This does come with a pretty clear downside, however. Because of the relentless pace, we often speed past potentially interesting side-characters, and even members of the main party have their sub-plots moved at a fairly rapid pace to make sure they aren’t left behind. Don’t get me wrong, the book is making time for the characters and sub-plots; Hatch in particular has some real growth as a character, and we get to see the Ronin connect with members of the party in some pretty neat ways. However, these moments feel fleeting, like the ideas and scenarios aren’t being given enough room to breathe properly because we’re trying to keep up a pretty quick pace in the main story (ie, slaying the demons  + the Ronin’s personal development). For example, while Hatch’s sub-plot and the new side characters are given a fair number of scenes, we kind of speed right into them and then right back out, leaving the sub-plots feeling somewhat quickly placed rather than feeling organic. It feels especially noticeable since the previous book had a such a steady and sure (if slow) pace that this sudden burst of speed kind of leaves me reeling a bit.

Another slightly questionable route the book takes is in the romance department, which would kind of make it the second time I’ve been a little unsure of the romantic stuff in the books. I previously mentioned that book 2 had a little bit of an issue with balancing Momoko’s sub-plots with the overall slower pace of the previous book, and I think a sizable contributing factor was that (if your Ronin was attracted to women), it felt like the connection between her and the Ronin came on a little too quick. It’s understandable from the angle that Momoko seems to have fallen for the Ronin’s kind of dashing (if rough around the edges) charm, and is confusing the attraction she feels for something deeper, something that a few lines from the Ronin allude to. The issues started to crop when the Ronin, who hadn’t expressed much more than just appreciation for the woman’s…err, physical “assets” seems to be kind of not against the idea. This would be fine if the player had a little more input in the early stages of this development, but you didn’t really have much of a say of the matter until you were already in the hotel room with her. It made the sub-plot feel like it was forcing you down a particular route, and while it was necessary (for Hatch’s revelation at the end of the second book), it still felt like the balance was a little rocky.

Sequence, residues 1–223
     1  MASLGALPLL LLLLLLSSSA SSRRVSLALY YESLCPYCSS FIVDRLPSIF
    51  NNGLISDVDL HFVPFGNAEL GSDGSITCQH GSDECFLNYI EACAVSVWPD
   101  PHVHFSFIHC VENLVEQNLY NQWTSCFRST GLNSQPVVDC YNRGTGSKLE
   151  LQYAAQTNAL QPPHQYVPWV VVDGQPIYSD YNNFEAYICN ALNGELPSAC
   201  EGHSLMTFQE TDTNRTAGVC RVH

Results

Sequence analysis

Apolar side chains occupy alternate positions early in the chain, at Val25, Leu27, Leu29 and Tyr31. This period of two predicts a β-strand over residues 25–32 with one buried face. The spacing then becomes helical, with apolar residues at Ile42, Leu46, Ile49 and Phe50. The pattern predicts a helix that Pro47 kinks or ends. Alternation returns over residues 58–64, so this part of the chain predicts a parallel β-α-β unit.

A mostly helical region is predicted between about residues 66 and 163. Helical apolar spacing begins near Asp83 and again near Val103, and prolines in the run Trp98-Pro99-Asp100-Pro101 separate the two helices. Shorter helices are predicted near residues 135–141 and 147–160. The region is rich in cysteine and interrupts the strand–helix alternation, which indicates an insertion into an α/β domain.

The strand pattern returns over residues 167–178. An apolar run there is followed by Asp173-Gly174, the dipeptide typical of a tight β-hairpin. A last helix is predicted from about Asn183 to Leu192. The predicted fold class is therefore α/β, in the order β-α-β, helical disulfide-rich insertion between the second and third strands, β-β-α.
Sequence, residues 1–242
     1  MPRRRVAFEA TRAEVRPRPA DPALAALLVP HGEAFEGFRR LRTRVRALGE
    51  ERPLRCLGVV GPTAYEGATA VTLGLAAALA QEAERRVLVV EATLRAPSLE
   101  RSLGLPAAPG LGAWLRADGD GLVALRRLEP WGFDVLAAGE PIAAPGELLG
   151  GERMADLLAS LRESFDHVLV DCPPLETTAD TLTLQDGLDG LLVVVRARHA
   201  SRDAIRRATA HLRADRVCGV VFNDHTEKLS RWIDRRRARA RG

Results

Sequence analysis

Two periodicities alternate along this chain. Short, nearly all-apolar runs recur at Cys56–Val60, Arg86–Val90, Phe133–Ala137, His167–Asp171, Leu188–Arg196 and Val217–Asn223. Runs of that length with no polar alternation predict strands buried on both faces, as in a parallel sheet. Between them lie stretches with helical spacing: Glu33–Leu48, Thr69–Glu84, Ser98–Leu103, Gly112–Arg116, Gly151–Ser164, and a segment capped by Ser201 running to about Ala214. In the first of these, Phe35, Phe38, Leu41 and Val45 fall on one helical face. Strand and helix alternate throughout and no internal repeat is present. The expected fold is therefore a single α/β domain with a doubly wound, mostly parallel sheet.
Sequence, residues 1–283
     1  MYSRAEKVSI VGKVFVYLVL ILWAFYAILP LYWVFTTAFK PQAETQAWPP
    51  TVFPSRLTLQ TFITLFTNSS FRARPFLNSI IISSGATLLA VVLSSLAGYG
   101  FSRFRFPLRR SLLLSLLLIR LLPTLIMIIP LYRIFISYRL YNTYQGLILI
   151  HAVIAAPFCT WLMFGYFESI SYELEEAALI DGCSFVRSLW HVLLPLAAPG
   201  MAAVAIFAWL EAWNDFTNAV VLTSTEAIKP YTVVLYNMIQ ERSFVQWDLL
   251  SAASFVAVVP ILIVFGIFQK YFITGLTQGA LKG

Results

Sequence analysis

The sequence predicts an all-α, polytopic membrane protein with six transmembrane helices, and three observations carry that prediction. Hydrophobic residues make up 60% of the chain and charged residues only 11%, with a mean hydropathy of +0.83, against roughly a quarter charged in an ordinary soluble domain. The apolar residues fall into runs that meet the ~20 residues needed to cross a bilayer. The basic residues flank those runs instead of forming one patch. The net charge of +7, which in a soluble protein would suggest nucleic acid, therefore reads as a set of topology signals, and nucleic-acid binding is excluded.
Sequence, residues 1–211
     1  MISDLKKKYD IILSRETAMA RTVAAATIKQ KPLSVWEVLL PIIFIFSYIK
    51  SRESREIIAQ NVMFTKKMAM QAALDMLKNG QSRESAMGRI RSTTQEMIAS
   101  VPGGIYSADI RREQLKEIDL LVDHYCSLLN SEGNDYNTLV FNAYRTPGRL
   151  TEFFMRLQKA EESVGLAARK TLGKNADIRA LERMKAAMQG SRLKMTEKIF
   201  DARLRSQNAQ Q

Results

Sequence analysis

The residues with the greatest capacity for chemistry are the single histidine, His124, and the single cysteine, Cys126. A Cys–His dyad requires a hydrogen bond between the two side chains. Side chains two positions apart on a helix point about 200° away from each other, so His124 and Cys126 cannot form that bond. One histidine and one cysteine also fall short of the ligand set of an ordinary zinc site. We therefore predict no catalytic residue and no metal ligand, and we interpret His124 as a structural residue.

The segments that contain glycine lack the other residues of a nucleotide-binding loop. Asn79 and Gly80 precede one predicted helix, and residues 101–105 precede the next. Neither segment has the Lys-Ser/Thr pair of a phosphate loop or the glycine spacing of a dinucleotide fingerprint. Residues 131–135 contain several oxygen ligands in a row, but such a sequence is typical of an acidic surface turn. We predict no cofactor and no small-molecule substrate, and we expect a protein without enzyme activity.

I bring this all up because the new romance feels like it has a couple of shades of the problem from the last book, though perhaps not as intensely. I won’t spoil who the potential love interest is for this leg of the journey, but I will admit that I kind of buy the idea of a relationship between them and the Ronin slightly more than I did Momoko. The main point is that, while this potential romance is slightly more likely, there is still this kind of odd pacing. It feels like the romances kind of starts too abruptly, which makes the entire premise of a relationship feel like it comes out of no-where. Like, the character in question was indeed starting to grow fairly close to the Ronin, and in return the Ronin was starting to open up a little more, but it feels like there should have been a slightly more clear transition when these feelings were starting to turn towards romance.

Still, these are only a few negative points, and a lot of the scenes aren’t mandatory. The book still has a lot of new and interesting mechanics, continues to have some excellent twists and turns in the story, and the characters continue to be both highly entertaining and highly endearing. Likewise, it manages to put the Ronin in quite a few situations where they can show off several unexpected character traits, and brings some insight into what exactly makes the character tick.

So, overall: I still had a really good time with the book, and seeing the continuing growth of both the main character and the side characters is satisfying to watch. However, I kind of feel that Devon Connell (the series’ writer/creator) has a type of writing style that stands out strongest when he lets the scenes and ideas breathe a little more. I’ve said before that I had a lot of admiration for how Connell can mix in both humour and drama extremely close together without either side feeling forced, and the writing continues to be pretty damn excellent. I just kind of hope we can afford to slow down a little in the future, and let the Ronin’s journey select its own pace.

Not that there’s much cause for conern, though. Afterall, regardless of how fast we’re moving or how many mysteries we have to unravel, you’re still the toughest Ronin around.

[Thanks as always for stoping by! The next post will be our usual spoiler-talk, which will cover some of the spoilers from all three books in some more detail. I except that will have to have another spoiler-talk in the future when more instalments come out, but we’ll see. On that note, we’ve been missing the next upload after the spoiler-talk, since there will be some stuff I’ll be taking care of. Hopefully we’ll get back to normal soon after, though.]